It’s been several weeks since my last post. But there’s been a LOT going on! My husband and I went to Kenya on a mission trip for two weeks and when we got back, school was let out for summer two days later. We’ve been adjusting to our new routineless routine for summer and planning our summer events and vacations, so please, give me a break!

As I anticipated, summertime is hard for us. People have asked just as we do, “are you looking forward to summer?” My answer – a resounding “No!” Transitions are hard for Samuel, and consequently cause difficulty and frustration for the whole family. While he’s had his many moments over the last week, he’s also shown surprising progress. There are a thousand things I hate about autism, but if I had to name one thing I loved about it (other than it makes my son who he is, and I love him unconditionally in spite of and even because of it), it’s the surprisingly pleasant and especially joyous twists that turn preconceived expectations on their head in celebration of the unexpected. And celebrate we must!

I’ve been impressed with Samuel lately for playing with his brother. His little brother. It’s not such a big deal that he’s playing with someone, but the fact that he has willingly chosen to play with Joshua, whom he constantly complains about because he’s young, or because Josh looks at him – or heaven forbid smiles at him – this is huge. Not only does he willingly play with Josh, but he is sharing his toys (mostly), planning out the play schemes of the motorized Cars on their shared GeoTrax together, and – wait for it…. laughing! He smiles and calls to me with Josh to show me their planned crashes with carefully stacked cars across the cars tracks. All of these things are great things – it’s progress to play with someone else. To even consider sharing without a meltdown. To allow someone – especially Josh – the privilege to share in exchanged glances. To smile when he refuses to smile any other time because he “hates smiling.” To laugh during times of joint attention. To show me his work. To compromise in play.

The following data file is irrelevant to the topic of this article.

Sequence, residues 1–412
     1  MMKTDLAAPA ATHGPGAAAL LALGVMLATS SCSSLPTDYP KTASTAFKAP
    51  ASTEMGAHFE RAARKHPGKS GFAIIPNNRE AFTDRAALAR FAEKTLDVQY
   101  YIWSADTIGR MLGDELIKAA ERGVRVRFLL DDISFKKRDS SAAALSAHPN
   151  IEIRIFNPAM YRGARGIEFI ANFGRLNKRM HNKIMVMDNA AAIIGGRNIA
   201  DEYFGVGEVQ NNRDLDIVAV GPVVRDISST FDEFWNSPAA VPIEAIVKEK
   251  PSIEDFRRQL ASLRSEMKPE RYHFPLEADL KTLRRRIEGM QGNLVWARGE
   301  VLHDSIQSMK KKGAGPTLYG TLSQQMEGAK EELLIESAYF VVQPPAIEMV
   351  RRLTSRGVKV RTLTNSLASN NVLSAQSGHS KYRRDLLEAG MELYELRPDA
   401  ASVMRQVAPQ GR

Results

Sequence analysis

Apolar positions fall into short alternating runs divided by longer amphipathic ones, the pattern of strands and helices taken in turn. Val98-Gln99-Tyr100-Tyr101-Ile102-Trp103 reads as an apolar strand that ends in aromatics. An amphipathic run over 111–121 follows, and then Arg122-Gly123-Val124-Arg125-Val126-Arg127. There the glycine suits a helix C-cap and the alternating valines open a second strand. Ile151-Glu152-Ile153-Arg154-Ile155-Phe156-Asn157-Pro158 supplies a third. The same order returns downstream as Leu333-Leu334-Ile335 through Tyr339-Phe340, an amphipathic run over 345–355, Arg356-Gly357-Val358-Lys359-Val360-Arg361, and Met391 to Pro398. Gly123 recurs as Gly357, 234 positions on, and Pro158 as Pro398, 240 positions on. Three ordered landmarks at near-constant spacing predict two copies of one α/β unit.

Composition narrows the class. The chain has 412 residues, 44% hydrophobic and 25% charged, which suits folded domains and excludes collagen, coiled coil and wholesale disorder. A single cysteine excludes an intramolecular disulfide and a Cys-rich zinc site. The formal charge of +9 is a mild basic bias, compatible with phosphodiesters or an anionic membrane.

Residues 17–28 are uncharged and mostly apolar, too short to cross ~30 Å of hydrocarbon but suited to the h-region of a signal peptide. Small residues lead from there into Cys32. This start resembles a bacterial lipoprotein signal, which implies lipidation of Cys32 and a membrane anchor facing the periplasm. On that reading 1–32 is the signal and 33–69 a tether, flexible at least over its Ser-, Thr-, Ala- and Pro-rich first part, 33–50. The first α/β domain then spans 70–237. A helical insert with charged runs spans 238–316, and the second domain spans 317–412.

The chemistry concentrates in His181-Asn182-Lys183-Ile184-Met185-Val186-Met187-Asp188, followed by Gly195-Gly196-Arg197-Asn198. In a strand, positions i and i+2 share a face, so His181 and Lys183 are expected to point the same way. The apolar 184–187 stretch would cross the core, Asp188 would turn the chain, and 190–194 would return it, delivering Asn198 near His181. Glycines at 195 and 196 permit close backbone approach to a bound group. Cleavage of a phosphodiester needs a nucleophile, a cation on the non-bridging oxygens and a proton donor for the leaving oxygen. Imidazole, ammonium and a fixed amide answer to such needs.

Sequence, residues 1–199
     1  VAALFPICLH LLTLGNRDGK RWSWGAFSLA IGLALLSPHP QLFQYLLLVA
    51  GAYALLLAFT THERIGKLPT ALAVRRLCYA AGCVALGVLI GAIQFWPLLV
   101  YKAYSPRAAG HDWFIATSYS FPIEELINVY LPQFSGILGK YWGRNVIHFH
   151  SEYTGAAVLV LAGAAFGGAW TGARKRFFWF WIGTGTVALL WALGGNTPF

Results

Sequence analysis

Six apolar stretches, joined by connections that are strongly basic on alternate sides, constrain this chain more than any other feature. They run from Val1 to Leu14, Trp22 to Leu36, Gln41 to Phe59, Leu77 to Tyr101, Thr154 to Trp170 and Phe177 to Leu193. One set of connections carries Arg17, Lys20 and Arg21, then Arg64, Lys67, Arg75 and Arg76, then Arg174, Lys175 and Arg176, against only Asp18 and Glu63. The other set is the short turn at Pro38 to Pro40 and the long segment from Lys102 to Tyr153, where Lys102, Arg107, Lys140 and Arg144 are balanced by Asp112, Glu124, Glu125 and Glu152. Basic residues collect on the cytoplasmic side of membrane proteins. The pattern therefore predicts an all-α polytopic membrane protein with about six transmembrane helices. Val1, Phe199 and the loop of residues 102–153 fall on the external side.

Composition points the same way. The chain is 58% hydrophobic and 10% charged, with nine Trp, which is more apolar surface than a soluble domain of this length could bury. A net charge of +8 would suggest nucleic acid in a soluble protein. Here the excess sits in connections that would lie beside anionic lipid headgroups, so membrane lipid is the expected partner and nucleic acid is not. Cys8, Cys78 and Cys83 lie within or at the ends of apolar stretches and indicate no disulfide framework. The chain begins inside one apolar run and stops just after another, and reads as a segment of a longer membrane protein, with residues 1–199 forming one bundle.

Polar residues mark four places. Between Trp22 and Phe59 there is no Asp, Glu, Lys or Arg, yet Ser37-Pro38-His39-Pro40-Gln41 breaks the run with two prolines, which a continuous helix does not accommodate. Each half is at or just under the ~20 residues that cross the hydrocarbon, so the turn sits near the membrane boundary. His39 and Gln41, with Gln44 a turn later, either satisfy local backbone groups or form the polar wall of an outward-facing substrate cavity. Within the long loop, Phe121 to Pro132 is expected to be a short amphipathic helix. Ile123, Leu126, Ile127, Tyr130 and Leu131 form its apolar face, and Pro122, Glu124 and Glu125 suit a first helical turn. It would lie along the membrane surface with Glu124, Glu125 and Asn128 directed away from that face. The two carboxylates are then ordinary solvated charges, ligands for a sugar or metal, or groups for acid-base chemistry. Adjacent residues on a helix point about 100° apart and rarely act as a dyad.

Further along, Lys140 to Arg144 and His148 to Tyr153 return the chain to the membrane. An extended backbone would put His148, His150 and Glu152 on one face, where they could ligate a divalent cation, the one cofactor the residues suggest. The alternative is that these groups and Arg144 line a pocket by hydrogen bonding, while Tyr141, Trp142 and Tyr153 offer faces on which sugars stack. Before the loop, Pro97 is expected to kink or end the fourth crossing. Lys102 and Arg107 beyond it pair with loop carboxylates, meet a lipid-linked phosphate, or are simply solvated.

Play… that is a difficult area for a kid with autism. Not so much playing alone – they’ve got covered. But playing with others – that is hard to do! You never know what crazy idea your 6 year old friend might come up with, and then will expect you to go along with. What if they touch your toys? What if they touch you?! People are unpredictable, and it’s much safer to stay in comfort of your own world.

Enter the world of organized sports. Every summer, our church offers a free soccer camp to the community. For the past two summers, Samuel has been able to participate with Benjamin, his older brother. He always looks forward to it, speaking very highly of it, but then can’t seem to make it past the first 15 minutes without whining, “When is it over?” They usually haven’t even started to play yet – the first 15 minutes are gathering together stretching, then singing a couple songs as my husband plays the guitar, then a short Bible story before breaking up into older/younger groups for drills. Oh, and it’s summertime, so it’s hot. And there are bugs. We do use bug spray, but not without having to chase him with it or hold him still just to get a few squirts on his arms and legs – all while he’s screaming that it’s hurting him and then crying that it’s wet.